It seems to me that one way we figured out how to resolve that was to say, look, your personal opinion doesn’t matter. You don’t have to like it or agree with it or even listen to it, but you have to tolerate unpopular speech. You have to.

    Too many people these days think that unpopular speech is literally intolerable and must be squashed. It’s not a good thing.

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  6. teve tory says:

    Worth keeping in mind that Americans support free speech more than any other people in the world.

    Pew Research poll.

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  7. @James Pearce: Yes, the Nazis and the Klan get to have marches and published newsletters. I accept that as the appropriate thing to do. And no, not everyone is going to agree on the contents of speech.

    However, I think that it is nonetheless important use my free speech to point out that, no, racism is not the same as insufficient flag-waving.

    I am not suggesting different legal standards, but I am suggesting that there is a profound power-difference between what the wacky college students have done versus the president and NFL owners.

    I don’t think that shrugging it off is a good position to take, but that is, in the spirit of the conversation, simply my opinion.

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  8. I am, in general, frustrated by the fact that a lot of pro-free speech sentiment on the right seems to be protection for those who want to be “politically incorrect” about women and minorities while, in this case at least, they are interested in squelching protests against real injustice.

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  9. Mikey says:

    @Steven L. Taylor:

    I am, in general, frustrated by the fact that a lot of pro-free speech sentiment on the right seems to be protection for those who want to be “politically incorrect” about women and minorities while, in this case at least, they are interested in squelching protests against real injustice.

    Because–and this goes directly to your very good point about power relationships–the pro-free-speech sentiment on the right is aimed directly at maintaining the superior position of white people, and especially of white men, in American society. So, of course, they’re going to push for being “politically incorrect” (a stupid euphemism for being able to express racist and sexist views freely) while at the same time working to keep Americans of color, and especially black men, down.

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  10. Mikey says:

    @James Pearce:

    I mean, I obviously think racism is much worse than insufficient flag-waving, but that’s just my personal opinion. I know people who think insufficient flag-waving is worse than racism. So how do you reconcile those two views?

    You recognize that insufficient flag-waving hurts nobody, while racism inflicts true harms on real people, and you speak to that truth.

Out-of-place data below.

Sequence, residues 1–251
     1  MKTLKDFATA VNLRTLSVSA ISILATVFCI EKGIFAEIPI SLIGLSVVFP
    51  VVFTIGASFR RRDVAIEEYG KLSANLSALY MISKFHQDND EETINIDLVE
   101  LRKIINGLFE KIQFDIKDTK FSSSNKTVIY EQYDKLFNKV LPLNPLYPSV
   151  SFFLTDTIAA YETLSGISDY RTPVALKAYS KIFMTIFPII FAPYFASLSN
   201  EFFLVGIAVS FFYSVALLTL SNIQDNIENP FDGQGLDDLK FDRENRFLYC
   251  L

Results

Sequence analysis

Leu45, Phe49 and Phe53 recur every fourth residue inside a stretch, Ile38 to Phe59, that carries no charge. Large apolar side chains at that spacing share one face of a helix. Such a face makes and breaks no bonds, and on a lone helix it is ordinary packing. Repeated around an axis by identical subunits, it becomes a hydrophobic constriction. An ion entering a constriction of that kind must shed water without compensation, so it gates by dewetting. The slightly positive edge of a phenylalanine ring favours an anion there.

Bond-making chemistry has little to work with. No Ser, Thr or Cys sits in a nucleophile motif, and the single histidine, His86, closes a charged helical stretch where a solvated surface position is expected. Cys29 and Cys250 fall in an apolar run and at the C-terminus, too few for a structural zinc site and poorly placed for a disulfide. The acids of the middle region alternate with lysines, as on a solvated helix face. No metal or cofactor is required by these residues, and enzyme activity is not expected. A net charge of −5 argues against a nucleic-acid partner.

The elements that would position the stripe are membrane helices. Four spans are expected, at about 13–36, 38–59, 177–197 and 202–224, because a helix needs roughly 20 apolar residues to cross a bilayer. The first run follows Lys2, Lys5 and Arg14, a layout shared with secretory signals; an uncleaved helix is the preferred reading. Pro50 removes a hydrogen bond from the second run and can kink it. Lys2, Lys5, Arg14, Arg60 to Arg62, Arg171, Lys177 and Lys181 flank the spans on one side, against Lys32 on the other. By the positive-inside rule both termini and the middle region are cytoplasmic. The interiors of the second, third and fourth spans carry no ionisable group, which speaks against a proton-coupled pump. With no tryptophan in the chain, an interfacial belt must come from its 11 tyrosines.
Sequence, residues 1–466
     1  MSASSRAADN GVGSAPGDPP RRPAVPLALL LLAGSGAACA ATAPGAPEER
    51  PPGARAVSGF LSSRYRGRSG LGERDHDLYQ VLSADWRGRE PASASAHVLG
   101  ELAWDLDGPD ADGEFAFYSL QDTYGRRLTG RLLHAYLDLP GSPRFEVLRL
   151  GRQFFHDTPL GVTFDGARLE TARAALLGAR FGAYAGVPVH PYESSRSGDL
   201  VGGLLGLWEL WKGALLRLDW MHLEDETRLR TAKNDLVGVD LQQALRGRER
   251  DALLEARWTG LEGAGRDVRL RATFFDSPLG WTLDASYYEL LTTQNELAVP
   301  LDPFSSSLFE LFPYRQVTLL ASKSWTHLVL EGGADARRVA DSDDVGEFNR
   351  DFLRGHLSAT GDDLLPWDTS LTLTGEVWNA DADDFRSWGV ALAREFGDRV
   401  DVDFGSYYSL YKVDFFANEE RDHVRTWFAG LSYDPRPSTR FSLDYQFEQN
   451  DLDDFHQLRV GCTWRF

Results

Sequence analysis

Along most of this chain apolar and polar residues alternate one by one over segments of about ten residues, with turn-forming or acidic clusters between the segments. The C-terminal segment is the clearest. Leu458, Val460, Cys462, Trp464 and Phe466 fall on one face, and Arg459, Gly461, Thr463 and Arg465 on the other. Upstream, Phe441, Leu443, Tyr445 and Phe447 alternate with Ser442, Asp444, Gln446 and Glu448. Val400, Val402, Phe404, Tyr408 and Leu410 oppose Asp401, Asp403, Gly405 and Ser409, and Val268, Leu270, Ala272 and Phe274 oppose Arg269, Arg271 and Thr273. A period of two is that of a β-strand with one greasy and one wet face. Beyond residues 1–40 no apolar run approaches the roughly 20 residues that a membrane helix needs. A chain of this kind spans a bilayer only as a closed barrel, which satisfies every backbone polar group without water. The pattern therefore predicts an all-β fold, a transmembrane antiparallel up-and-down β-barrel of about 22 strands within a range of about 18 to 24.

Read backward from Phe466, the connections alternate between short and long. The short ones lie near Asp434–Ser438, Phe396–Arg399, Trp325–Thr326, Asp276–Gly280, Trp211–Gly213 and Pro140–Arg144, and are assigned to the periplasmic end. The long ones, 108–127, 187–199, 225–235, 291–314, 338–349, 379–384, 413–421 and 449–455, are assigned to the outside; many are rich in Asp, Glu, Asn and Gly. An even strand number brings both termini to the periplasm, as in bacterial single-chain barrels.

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  11. Gustopher says:

    The fact that the President is trying to limit the speech of the players should probably concern those small-government conservatives. But, this is something we have heard from them before every time a Republican is president — any dissent is unpatriotic.

    Those who marched to protest the pending Iraq war in the George W. Bush presidency were “giving comfort to the enemy”, and not “supporting the troops”.

    I pity the NFL which has somehow got itself dragged into this political war, and which has no way out that doesn’t piss off 20% of their fans — I assume 60% just don’t care one way or the other.

    I think their current stance is shit — something like this might have been fine without government interference, but the owners and the players should be united against government interference.

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  12. Todd says:

    Reading this headline reminds me of one of those choose your own adventure books. “Conservatives are on the wrong side of ________” (fill in the blank).

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  13. JohnMcC says:

    I think it is terrific that you have realized that ‘conservativism’ has morphed into ‘what Trump says’.

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  14. MarkedMan says:

    Back in my programming days I learned that if I was having trouble making my code work with a certain construct it was likely that I had chosen the wrong construct. I think trying to figure out how “conservatives” justify this, or even saying “conservatives” are wrong about this, is just a category error. If instead of “conservatives” you substitute “people who get angry when dark skinned people get above their station”, it makes perfect sense and is logically consistent. If you use this construct it has real predictive value. Sure, these types of people have for the most part decided to call themselves conservatives, but people adapt labels for all kinds of reasons that have nothing to do with reality.

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  15. James Pearce says:

    @Steven L. Taylor:

    I am suggesting that there is a profound power-difference between what the wacky college students have done versus the president and NFL owners.

    I share the concern about the profound power-difference, which is why I feel comfortable telling both the college students and the NFL owners, “Sorry, dudes, you don’t have to endorse it or like it, but you’ve got to at least tolerate it. You can’t shut it down.” There is no power-difference because everyone’s equally powerless.

    If we move to a world where you can shut it down, well, we know just who is going to do the shutting down, don’t we? Powerful folks like NFL owners or the mob, made “powerful” with their pitchforks.

    @Mikey:

    You recognize that insufficient flag-waving hurts nobody, while racism inflicts true harms on real people, and you speak to that truth.

    Well, I don’t feel comfortable saying “insufficient flag-waving hurts nobody.” I have to assume the butt-hurt is genuine, even if I personally think it’s ridiculous. (The backlash, at any rate, will be very real.)